But Jackson is a firm believer that there are at least some net benefits for business from European legislation, and that proper analysis will prove this to be true. “The development of environmental technologies are something British companies could benefit from,” she says. “This is the missing part of the equation. DEFRA – and the CBI – could be looking at what is going to happen in terms of new legislation and identifying where the opportunities are for British business, flagging them up and doing something about it.”
Jackson is calling for change across the Commission and Parliament’s activities, and the both the attitudes of the UK’s government to the development of legislation, and the way it carries it out. But there are other changes about to overtake the EU – the accession of ten new states which will take place on 1 May.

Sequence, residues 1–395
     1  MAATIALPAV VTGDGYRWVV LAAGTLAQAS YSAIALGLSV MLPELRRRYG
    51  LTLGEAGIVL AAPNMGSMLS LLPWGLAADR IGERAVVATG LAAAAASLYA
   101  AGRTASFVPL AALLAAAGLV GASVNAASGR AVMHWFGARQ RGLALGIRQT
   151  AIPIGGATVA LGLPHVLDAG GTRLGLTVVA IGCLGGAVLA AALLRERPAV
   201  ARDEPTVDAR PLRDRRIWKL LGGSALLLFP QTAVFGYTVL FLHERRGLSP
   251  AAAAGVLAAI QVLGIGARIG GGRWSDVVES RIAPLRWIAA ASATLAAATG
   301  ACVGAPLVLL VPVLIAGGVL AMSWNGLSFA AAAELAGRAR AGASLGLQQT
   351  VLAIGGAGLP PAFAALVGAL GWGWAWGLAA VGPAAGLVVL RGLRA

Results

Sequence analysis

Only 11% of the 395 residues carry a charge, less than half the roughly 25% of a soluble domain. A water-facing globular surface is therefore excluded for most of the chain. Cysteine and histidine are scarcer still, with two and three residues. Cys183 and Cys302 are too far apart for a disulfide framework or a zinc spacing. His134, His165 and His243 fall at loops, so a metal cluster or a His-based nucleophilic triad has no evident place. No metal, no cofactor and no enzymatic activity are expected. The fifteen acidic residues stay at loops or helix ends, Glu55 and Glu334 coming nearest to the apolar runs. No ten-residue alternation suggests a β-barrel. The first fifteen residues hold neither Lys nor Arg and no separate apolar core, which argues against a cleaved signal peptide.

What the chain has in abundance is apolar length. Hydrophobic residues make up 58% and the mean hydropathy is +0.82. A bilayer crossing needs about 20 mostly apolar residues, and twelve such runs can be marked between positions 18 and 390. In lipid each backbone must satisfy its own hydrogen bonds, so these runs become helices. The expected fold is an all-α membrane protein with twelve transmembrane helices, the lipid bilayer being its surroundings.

“This is an absolutely unprecedented year in the EU,” Jackson says. “We’ve never admitted ten states at the same time, nor have we admitted so many very poor states. And we have never been so grudging in our welcome. At the very moment they are knocking on the door, we’re saying we want to shrink the budget.
“The situation will be complicated over the next five years by the fact that we look as though we’re going to admit Bulgaria and Romania in 2007, and Romania has huge environmental problems. If you look at whether they should be admitted on environmental policy, the answer is no, but the political imperatives are to bring them in.”
Lack of verification
But for Jackson, perhaps the biggest problem is the lack of an effective system of verification of how member states are complying with EU law. When the European Environment Agency was set up, member states “strongly resisted” a verification role. Jackson says: “In a sense the Agency is only able to report what the member states want it to report.”